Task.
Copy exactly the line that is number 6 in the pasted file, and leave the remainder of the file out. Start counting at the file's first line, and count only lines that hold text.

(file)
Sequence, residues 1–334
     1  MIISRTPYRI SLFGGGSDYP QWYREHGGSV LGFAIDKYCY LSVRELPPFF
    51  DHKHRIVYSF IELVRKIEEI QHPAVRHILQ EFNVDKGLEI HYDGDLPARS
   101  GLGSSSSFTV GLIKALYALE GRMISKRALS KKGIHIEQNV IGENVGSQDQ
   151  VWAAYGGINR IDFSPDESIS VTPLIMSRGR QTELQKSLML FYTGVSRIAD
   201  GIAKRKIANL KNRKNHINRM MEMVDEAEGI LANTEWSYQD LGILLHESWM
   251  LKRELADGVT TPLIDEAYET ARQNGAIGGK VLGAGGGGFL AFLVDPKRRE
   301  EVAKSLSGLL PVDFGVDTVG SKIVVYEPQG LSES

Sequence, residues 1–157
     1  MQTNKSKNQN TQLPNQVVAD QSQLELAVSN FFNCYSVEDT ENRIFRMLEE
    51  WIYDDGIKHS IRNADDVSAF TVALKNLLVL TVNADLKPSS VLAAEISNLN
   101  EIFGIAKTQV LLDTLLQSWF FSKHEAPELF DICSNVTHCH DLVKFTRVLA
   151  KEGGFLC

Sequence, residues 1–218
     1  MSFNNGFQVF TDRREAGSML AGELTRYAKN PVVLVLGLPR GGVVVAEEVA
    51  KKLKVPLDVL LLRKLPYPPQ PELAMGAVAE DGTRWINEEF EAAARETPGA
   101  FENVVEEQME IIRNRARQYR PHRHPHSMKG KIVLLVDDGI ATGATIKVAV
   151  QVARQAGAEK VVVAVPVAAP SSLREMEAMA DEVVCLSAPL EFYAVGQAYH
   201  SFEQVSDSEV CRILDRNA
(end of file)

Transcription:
   201  GIAKRKIANL KNRKNHINRM MEMVDEAEGI LANTEWSYQD LGILLHESWM